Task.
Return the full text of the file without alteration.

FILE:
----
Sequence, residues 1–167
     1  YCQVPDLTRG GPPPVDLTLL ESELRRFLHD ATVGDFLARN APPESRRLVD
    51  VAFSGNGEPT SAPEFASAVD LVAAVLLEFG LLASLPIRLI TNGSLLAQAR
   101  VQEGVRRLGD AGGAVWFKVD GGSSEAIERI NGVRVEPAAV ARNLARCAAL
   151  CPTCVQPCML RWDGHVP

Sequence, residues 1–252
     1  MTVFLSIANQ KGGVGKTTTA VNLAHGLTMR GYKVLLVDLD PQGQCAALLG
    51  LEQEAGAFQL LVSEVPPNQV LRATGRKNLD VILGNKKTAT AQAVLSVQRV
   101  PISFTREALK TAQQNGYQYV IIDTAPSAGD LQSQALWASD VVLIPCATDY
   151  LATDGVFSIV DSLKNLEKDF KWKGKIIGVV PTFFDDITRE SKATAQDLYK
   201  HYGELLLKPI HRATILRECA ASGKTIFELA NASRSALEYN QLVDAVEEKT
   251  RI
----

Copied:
Sequence, residues 1–167
     1  YCQVPDLTRG GPPPVDLTLL ESELRRFLHD ATVGDFLARN APPESRRLVD
    51  VAFSGNGEPT SAPEFASAVD LVAAVLLEFG LLASLPIRLI TNGSLLAQAR
   101  VQEGVRRLGD AGGAVWFKVD GGSSEAIERI NGVRVEPAAV ARNLARCAAL
   151  CPTCVQPCML RWDGHVP

Sequence, residues 1–252
     1  MTVFLSIANQ KGGVGKTTTA VNLAHGLTMR GYKVLLVDLD PQGQCAALLG
    51  LEQEAGAFQL LVSEVPPNQV LRATGRKNLD VILGNKKTAT AQAVLSVQRV
   101  PISFTREALK TAQQNGYQYV IIDTAPSAGD LQSQALWASD VVLIPCATDY
   151  LATDGVFSIV DSLKNLEKDF KWKGKIIGVV PTFFDDITRE SKATAQDLYK
   201  HYGELLLKPI HRATILRECA ASGKTIFELA NASRSALEYN QLVDAVEEKT
   251  RI